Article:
Study Guide

Franklin D. Roosevelt (FDR) Fireside Chats

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Fireside Chats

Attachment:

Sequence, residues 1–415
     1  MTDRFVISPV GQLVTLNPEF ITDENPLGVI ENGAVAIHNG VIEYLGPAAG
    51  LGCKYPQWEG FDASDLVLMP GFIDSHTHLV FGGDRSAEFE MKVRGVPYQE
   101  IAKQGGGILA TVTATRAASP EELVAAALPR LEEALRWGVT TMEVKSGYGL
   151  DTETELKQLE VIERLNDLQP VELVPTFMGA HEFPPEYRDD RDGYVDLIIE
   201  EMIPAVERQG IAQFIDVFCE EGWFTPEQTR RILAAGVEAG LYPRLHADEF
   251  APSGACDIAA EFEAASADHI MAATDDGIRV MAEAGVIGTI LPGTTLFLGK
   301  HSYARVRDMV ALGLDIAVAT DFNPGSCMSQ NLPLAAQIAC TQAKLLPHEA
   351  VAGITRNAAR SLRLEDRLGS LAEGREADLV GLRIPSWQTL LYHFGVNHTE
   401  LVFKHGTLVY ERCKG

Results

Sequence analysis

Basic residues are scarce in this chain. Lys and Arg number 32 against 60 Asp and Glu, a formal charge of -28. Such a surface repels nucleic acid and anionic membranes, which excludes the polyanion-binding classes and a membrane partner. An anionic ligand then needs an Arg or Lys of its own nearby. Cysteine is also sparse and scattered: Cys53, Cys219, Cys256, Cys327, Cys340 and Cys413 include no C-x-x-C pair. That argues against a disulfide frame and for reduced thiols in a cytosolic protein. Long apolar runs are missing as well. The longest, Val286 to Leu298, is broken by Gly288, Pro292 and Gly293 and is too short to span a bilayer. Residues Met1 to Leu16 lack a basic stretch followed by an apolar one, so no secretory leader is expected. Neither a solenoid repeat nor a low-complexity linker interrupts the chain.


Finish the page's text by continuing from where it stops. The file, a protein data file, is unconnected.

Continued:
How did one man transform the government so radically, and so quickly? Witchcraft? Sorcery? Perhaps, but one secret to Roosevelt's success was his "fireside chats," thirty speeches he gave over the radio (and later TV) during his presidency. In his fireside chats, FDR spoke directly to the American people as if they were close friends. The chats were crucial to building support for the New Deal and, later, to mobilizing the nation for World War II. Many Americans came to feel like they were partners in their government with a man whose warm and understanding voice came right into their living rooms. As one businessman later said, "My mother looks upon the President as someone so immediately concerned with her problems and difficulties that she would not be greatly surprised were he to come to her house some evening and stay to dinner."blank" rel="nofollow">World War II—the second major crisis of FDR's presidency—that would finally and completely lift the nation out of the Great Depression. Out of the frying pan and into the fire. 

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